Cell Biology
Neanderthal heritage may be a risk factor for COVID-19
A new study shows that a genetic risk factor inherited from Neanderthal heritage is associated with two times greater risk of serious disease and death from COVID-19. The study was published in Nature on September 30.  Discuss
RNA targeting could prevent replication of SARS-CoV-2 virus
What if you could stop the SARS-CoV-2 virus from reproducing itself? Researchers from Florida hope to do just that by creating a compound that targets and binds to RNA regions on the SARS-CoV-2 genome and disrupts its replication. The research was described in a September 30 article published in ACS Central Science.  Discuss
Specialized T cells have unique role in severe COVID-19 cases
An unconventional subset of T cells may be strongly activated in patients with severe cases of COVID-19, according to a new study published in Science Immunology on September 28. This finding may lead to a new understanding of how the immune system responds to SARS-CoV-2 infection.  Discuss
COVID-19 concerns may undermine vaccine rates for seasonal flu
Only a third of parents believe that the flu vaccine will be more important this year, and 1 in 7 parents will not vaccinate their child due to concerns about COVID-19, according to the results of a new poll. The poll results underscore concerns that there could be a double impact of seasonal flu and COVID-19 this winter.  Discuss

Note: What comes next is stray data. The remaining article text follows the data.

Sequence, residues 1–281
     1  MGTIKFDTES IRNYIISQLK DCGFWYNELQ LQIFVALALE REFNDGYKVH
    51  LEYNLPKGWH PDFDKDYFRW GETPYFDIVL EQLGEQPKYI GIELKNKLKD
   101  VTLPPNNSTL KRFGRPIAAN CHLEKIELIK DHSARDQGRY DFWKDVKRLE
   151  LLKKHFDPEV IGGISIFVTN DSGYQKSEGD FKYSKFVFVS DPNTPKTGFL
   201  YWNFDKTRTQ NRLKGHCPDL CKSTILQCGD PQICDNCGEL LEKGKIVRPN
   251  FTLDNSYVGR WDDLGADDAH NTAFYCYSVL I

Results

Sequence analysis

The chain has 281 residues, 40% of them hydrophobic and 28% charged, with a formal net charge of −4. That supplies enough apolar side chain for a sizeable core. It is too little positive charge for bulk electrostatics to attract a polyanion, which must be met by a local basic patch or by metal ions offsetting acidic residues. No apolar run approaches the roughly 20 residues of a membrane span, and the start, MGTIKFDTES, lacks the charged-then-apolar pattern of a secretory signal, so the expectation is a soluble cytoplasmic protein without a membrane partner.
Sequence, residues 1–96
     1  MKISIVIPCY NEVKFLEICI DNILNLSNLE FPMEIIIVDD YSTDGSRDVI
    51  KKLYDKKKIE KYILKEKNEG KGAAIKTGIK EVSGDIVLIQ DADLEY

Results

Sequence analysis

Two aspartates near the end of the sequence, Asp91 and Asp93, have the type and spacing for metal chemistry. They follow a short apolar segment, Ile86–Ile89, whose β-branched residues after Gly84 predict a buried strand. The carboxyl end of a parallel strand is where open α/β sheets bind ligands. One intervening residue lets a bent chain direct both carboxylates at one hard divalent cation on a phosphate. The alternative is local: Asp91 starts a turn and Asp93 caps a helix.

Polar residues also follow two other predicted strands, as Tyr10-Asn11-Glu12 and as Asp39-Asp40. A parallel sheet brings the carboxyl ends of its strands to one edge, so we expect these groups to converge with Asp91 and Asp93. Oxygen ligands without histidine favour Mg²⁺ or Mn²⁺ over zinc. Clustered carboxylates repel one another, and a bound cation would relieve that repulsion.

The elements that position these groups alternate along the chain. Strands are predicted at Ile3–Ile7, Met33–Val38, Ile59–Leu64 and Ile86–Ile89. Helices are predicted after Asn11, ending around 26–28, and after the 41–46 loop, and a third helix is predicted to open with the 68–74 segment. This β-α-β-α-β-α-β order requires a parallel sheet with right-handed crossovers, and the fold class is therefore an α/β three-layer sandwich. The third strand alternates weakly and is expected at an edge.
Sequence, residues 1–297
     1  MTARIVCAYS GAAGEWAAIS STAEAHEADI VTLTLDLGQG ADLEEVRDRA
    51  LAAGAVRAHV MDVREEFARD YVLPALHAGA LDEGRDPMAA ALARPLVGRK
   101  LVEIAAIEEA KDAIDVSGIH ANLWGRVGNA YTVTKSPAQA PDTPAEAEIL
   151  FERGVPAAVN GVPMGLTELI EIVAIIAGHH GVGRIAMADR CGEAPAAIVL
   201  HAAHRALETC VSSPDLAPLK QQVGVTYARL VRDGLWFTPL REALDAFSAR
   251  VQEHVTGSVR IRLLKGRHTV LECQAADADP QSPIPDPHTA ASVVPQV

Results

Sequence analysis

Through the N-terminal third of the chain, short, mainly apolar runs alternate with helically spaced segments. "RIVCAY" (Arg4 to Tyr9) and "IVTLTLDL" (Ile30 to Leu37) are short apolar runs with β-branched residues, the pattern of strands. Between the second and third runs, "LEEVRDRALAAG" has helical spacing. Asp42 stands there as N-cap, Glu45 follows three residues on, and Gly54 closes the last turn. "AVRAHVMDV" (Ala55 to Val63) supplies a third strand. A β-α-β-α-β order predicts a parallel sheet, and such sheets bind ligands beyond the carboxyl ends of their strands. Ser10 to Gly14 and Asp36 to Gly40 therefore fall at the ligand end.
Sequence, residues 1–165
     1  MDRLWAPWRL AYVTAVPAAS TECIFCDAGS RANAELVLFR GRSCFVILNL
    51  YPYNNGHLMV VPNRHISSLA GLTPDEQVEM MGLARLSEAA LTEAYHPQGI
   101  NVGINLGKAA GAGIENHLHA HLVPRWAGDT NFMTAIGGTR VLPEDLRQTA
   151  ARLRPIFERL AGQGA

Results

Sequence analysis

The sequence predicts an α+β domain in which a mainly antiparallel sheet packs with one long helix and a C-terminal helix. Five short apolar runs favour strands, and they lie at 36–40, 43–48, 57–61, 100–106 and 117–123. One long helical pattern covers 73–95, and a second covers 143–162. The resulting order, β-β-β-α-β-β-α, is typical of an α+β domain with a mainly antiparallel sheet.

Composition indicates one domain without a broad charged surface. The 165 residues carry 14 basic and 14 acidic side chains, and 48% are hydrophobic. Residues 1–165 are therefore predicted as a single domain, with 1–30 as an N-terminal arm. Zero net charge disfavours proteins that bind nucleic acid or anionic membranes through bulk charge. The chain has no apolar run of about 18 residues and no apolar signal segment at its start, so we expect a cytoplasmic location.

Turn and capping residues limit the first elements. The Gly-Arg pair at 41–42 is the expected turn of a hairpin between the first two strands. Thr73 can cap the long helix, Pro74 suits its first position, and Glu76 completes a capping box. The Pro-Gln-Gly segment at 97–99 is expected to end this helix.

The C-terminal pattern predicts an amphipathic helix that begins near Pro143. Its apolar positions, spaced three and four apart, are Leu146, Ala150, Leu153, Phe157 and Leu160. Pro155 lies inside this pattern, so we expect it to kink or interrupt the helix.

SARS-CoV-2 transcriptional patterns provide new insights into infection
New web resources provide insights into cellular genes that are impacted by coronavirus infection in the context of host molecular signaling pathways. These insights have the potential to speed novel drug development efforts in the fight against COVID-19, according to a new paper published in Scientific Data on September 22.  Discuss
New in vitro models reveal importance of lung stem cells in SARS-CoV-2 infection
Researchers have developed a new 2D lung organoid in vitro model as a physiologically relevant platform to aid drug development and explore the pathogenesis of SARS-CoV-2 infection. Details were published online in Cell Stem Cell on September 18.  Discuss
Analysis of COVID-19 literature identifies possible knowledge gaps
An analysis of COVID-19 scientific abstracts using natural language processing and machine-learning techniques suggests that the literature currently lacks basic research on the pathogenesis and viral transmission of SARS-CoV-2, according to a September 16 article published in Patterns.  Discuss
Structural changes of SARS-CoV-2 spike protein facilitate infection
The SARS-CoV-2 spike protein can adopt at least 10 sequential structural conformations when in contact with the human angiotensin-converting enzyme 2 receptor, according to a study conducted by researchers from the Francis Crick Institute and published in Nature on September 17.  Discuss
Are T cells more important than antibodies in COVID-19?
A new study stressed the importance of a multilayered, virus-specific immune response for controlling SARS-CoV-2 during acute COVID-19, with an emphasis on the critical nature of T cells over antibodies during the process. The work was published in Cell on September 16.  Discuss
Could heparin-based therapies be a viable treatment for COVID-19?
Researchers have identified a novel approach to treating SARS-CoV-2 infection, spurred by a new understanding of viral attachment involving a heparan sulfate, a common glycoprotein. The results are presented in a September 14 article published in Cell.  Discuss
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